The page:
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STAN'S LOOKOUT: Remembering Helen Stout, the 'world's oldest teen-ager'

The Stouts at Green Lake


HELEN STOUT'S seven-line obituary in the Seattle Times was brief, but to the point. It described Helen (also known as Heleri) as a "long-time Seattle resident, dancer, painter, poet, clown. Adventurer in wide-flung places. Taster at life's table." She is survived by her two sons, Peter and David.

Helen was a long-time friend of ours, Dorothy first becoming acquainted with her when they were neighbors on 28th Avenue NE. In addition, they shared other common interests: folk dancing, hiking, the Moutaineers, and were members of University Unitarian Church.

Helen died Feb. 26, age 88. Her husband, John Stout, had died 11 years earlier, Feb. 25, 1988, age 76. They had married late in life, having met through the Mountaineers. Dorothy stood up with Helen when they wed. After the wedding their friends moved to the Wilsonian and we danced the night away.

John was a Boeing machinist, one who had led a vigorous life of hiking, climbing, backpacking, and marathon running, living in a boarding house when they first met. When they were wed it was said: "John married Helen because her house had a LARGE basement."

The first time around, Helen's husband had been a preacher: Aron Gilmartin, pastor of University Unitarian Church.

From time to time, Dorothy and I camped with the Stouts; or joined them on Mountaineer hikes. And, occasionally, we ran into them while walking around Green Lake. We'd first come across John, passing us on the run, conditioning himself for a forthcoming marathon (usually twice around the lake). Next we'd come across Helen walking towards us. And then John again.

ONE TIMEwhile camping together on Orcas Island we climbed Mt. Constitution (no big deal, you can motor to the top) and became separated - the girls ahead of us and John and I in the rear. Lost on little ol' Mt. Constitution? Has anyone ever been lost there before? When we finally found each other an argument broke out over which sex possesses the most Common Sense.

I'm afraid the men lost that argument - which must have hit John the hardest, for although I'd climbed a few mountains in my day, they were nothing compared to his lifetime record of conquering 102 peaks.

John, who was 5 feet 2 inches and weighed but 125 pounds, entered 22 marathons and five "ultra-marathons" after the age of 70. Quite often Helen started with him, sometimes finishing a couple of hours later than John. Still, though, she might be first in her age bracket - possibly because there were no other entrants in her age bracket.

John's longest trek was in the "HikaNation" as they called it, clear across the United States, 4,289 miles in 411 days. He was 69, going on 70, the oldest hiker to complete the journey. Helen drove across the country to meet him on the final leg.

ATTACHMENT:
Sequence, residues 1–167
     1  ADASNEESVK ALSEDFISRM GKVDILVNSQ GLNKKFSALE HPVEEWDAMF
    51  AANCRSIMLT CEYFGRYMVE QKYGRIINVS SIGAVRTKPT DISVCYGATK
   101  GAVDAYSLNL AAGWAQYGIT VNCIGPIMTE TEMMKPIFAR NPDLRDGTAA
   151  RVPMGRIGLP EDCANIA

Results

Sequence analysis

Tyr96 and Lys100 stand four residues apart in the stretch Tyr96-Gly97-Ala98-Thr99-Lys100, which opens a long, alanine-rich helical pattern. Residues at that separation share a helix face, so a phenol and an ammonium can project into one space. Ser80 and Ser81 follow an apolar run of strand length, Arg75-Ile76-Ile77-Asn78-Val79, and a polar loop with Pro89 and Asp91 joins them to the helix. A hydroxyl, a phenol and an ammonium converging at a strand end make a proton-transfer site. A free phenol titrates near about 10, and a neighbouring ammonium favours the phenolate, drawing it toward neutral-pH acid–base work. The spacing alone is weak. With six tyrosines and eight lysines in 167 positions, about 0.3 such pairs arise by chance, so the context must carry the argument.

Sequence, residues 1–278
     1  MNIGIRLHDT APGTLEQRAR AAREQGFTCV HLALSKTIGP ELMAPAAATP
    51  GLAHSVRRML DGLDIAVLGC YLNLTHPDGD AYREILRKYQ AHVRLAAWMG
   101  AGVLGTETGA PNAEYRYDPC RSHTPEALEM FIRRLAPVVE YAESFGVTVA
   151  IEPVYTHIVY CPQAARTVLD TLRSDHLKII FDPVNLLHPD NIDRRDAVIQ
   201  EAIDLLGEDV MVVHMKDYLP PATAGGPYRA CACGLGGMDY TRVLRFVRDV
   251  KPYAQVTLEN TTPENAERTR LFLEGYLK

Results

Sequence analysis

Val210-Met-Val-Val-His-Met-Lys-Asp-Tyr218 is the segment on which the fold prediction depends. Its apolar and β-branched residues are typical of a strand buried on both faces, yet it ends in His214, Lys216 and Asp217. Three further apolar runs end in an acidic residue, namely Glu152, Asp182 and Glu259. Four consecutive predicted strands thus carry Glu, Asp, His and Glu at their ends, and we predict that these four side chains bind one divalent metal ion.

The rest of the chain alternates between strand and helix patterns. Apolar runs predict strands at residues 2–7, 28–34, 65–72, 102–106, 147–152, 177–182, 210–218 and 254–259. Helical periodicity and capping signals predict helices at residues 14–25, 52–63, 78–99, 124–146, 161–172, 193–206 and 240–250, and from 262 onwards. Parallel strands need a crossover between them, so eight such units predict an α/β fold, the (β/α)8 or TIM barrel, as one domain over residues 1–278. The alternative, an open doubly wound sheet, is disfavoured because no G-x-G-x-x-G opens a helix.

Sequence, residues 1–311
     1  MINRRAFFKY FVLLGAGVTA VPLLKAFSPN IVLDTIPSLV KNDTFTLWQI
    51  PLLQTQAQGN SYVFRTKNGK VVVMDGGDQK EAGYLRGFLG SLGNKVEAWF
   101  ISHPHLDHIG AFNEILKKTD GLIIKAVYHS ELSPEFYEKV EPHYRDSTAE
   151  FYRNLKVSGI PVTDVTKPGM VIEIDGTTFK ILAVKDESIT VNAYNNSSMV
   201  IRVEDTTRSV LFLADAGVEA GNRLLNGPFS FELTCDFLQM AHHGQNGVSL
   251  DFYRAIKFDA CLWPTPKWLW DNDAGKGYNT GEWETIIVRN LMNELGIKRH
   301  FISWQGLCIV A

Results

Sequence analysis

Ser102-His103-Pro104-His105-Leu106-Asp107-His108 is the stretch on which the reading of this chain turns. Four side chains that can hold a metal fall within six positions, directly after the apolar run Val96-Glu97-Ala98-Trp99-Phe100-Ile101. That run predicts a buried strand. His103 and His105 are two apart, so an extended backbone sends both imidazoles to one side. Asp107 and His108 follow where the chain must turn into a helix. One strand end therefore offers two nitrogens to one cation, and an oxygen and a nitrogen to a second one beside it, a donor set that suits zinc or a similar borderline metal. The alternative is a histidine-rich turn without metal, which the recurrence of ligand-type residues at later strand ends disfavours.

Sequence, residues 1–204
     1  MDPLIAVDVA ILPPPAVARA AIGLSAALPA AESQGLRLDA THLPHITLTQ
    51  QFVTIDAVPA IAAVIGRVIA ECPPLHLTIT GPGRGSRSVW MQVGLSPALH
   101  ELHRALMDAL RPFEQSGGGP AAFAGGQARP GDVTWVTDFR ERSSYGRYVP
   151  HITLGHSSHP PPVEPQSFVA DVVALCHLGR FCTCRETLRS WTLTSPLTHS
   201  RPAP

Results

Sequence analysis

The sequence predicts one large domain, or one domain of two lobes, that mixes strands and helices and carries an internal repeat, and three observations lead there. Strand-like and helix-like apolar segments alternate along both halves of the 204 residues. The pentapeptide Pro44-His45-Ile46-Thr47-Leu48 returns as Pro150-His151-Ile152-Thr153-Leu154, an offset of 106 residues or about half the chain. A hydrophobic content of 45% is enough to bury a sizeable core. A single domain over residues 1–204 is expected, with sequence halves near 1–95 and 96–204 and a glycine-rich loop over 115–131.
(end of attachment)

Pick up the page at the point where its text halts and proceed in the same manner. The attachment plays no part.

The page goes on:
HELEN LOVED TO DANCE and was quite active in Festival Folkdancers, a group formed by a number of us in the early '60s. She also danced with the Mountaineers, and others. One time she and John participated in a performance at the Green Lake Bathhouse Theatre, which required them to act, sing and dance.

After John died, Helen began feeling it was time to move into another phase of her life. And that is when she adopted the name Heleri - taken from the misspelling of her name on a piece of mail.

When her 80th birthday (May 6, 1990) was approaching, Heleri thought it would be nice to celebrate with a Maypole dance. Now it just so happened that a fellow folk dancer, Alice Nugent, HAD a Maypole. So she rounded up a bunch of us folk dancers to celebrate Heleri's 80th. To accommodate the crowd (her own yard was not large enough), we had to borrow her next-door neighbor's front yard. It was a nice spring day.

While Carl Nugent and others were setting up the Maypole, I pinned a button on Heleri, which Dorothy had found earlier. It read: "World's Oldest Teen-ager."

Then the dance was taught, with Alice shouting out instructions on how to do it: "Weave over and under," etc. Clutching green and white ribbons, we made a dry run or two, and then we danced around the pole to taped music. Not only did we have fun, so did the neighbors, too.

SEVERAL DAYS LATER, after taking a computer class at North Seattle Community College, Heleri stopped by our house for a visit. She was still wearing that button!

Heleri soon became involved with several dance workshops, and joined a professional dance troupe which put on three shows in Boston.

Several years ago she joined Crone, an organization for older women, "to help them obtain power, passion, and purpose."

As a result, she wrote a poem entitled: "On Being A Witch," of which the first few lines go: "Not the kind that comes out on Halloween, nor the kind that women worship - the female God before Deity became a HE. I am the witch who is an old woman with a mind of her own. I have lived long enough to break the rules; to go where I want to go. I am relieved of need for fashionable conventional dress."

Dorothy and I last visited with Heleri several months ago at the church (where her memorial service was later held) to view her recently painted watercolors. She was still gung-ho - at the age of 88.

Heleri once was asked: "What age was your best?" "The age that I am now," she replied. "This is the best year of my life."

Eleven years ago, after Helen scattered John's ashes, she wrote: "Remembering other visits to this secret place I have chosen - I am not crying, I, too, would like to be resting forever in this grove."

Stan Stapp is the retired publisher of the old Outlook, a family-owned community newspaper that covered North Seattle for several decades until its sale in the mid-'70s. He and his wife Dorothy now reside in the Wedgwood neighborhood.

Stan Stapp is now connected: